Semiconductor

Dawn of Semiconductors: Transcending Borders and Leading Through Innovation

May 13, 2022

Semiconductors are the base for everything in today’s digital world, from transportation to quantum computing. They are complex products to design and manufacture, and rely on an intricate global supply chain for raw materials, equipment, research and development, technology, human talent, testing and distribution. Over the last two decades, the world’s economy has become farther dispersed yet more interconnected with regard to production and trade. The semiconductor industry today exemplifies a truly global supply chain from its operations and players at different stages to the end customers.

The success of the semiconductor industry has depended on its ability to innovate, protect intellectual property and operate globally through efficient and cost-effective supply chains. Specifically, for this industry, all phases of the value chain—research, design, manufacturing, assembly and packaging—occur in a globally integrated network. Each segment of the semiconductor value chain has, on average, 25 countries involved in the direct supply chain and 23 countries involved in supporting market functions.  Each region performs different roles according to its comparative advantages making room for the continuous pursuit of innovation to further hone and evolve and meet the changing requirements.

As per the World Semiconductor Trade Statistics organization, India accounts for 1% of global trade in semiconductors and 0.5% of global semiconductor sales. Despite being small, India’s role in the trade and sale of semiconductors has grown significantly. This is coupled with India’s growing ICT spending forecasted to grow by over 10% to reach $91 billion in 2021 and is expected to reach $111 billion by 2024. The COVID—19 pandemic, global chip shortages and global conflicts have brought to the forefront the poignance and urgent need to diversify and build self-capacity in high technology domains. The EU, United States, China and Japan all have announced measures to strengthen their respective domestic semiconductor industries.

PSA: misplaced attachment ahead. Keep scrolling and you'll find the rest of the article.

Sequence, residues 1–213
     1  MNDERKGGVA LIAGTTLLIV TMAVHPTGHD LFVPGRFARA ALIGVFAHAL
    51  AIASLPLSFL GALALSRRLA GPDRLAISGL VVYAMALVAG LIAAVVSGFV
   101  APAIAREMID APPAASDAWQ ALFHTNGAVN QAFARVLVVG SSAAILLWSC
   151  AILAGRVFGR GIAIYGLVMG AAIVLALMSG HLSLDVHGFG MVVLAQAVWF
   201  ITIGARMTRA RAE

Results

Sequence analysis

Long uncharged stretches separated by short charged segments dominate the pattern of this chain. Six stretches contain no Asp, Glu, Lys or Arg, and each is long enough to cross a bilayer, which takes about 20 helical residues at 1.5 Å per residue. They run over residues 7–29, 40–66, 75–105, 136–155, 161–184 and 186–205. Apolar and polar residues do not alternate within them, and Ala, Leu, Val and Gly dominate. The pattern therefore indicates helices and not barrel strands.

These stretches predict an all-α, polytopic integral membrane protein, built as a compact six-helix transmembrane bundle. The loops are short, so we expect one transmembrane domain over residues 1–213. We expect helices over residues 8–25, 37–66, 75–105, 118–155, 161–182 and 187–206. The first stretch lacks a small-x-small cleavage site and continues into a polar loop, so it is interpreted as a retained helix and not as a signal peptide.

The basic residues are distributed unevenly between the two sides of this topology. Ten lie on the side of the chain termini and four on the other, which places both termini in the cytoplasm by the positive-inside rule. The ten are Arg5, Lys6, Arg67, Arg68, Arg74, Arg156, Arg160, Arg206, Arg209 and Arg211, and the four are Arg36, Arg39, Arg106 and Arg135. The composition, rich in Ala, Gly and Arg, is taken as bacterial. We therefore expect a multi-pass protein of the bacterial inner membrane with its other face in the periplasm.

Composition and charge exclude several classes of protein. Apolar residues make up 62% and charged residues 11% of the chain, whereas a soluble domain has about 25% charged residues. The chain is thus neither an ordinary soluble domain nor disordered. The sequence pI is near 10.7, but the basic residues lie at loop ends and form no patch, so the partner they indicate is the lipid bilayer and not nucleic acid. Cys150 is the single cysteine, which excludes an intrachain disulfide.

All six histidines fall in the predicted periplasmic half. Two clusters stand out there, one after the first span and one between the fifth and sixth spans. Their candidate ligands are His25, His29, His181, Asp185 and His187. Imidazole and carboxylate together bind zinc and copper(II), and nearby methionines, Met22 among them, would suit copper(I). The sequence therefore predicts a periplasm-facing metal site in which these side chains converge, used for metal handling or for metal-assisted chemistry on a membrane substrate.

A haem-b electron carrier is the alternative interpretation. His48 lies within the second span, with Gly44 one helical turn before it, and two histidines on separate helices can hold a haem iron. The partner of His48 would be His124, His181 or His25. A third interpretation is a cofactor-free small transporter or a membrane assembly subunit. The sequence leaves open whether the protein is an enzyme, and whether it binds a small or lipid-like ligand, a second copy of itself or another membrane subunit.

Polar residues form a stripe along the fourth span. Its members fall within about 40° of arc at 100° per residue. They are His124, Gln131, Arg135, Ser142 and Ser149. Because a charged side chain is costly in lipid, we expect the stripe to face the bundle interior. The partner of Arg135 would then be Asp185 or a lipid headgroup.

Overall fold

The Government of India has been cognizant of the potential and strategic significance of the sector. In December 2021, the Union Ministry for Electronics and IT approved a $10 billion package to incentivize the manufacturing of semiconductors in the country with the announcement of an India Semiconductor Mission. Anyone setting up a semiconductor fab unit will get capital investment support, complete support for infrastructure, development of the supply chain and many other resources required to create an ecosystem.

With the foundation of digital infrastructure to connect over 1.4 billion Indians, India is paving the way towards the next technology revolution to unleash the next wave of innovation in data, AI and other technologies. Prime Minister Modi stated that India’s consumption of semiconductors is expected to cross $80 billion by 2026 and $110 billion by 2030. India has a large semiconductor design talent pool with nearly 20% of the world’s semiconductor design engineers and also the R&D or design centers of several semiconductor design companies. With such strong expertise of semiconductor design professionals in electronic design automation tools, India is now looking at manufacturing.

Semiconductor innovation is an important harbinger of broader technological innovation. Cutting-edge semiconductors will be the bedrock for each innovative technology of the future, from AI to virtual reality and electric cars. To ensure the development and progress of the industry to meet the requirements at large, chipmakers are gradually starting to increase spending on research and development. Given the size of the economy, focus on technology

and skilled engineers, India stands to greatly benefit by being open to innovation and experimentation.

Since new-age technologies require innovation at the design, material and process levels, the semiconductor industry has been changing fast to meet the evolving desideratum. True to Moore’s Law, the rapid evolution and growth from the older 28 – 65 nm node processes to the more advanced 7nm nodes today highlights the potential of semiconductors. Apart from incentivizing more foreign direct investments in electronics to deepen supply chains through incentive schemes, focusing on encouraging Indian manufacturers and start-ups to enter and master complex research and development and manufacturing verticals can ensure continued innovation. India is investing capital and encouraging entrepreneurship and startups in the design and innovation ecosystem.

Skilling and innovation are the yardsticks to be kept in mind for India to be able to create a sustainable ecosystem that will serve India as well as the world’s needs in the coming years. The semiconductor ecosystem in the country should develop so as to strategically contribute and benefit from the global supply chain. A global, efficient, competitive, profitable and resilient semiconductor industry can usher continual technological innovations benefitting people, businesses and nations.

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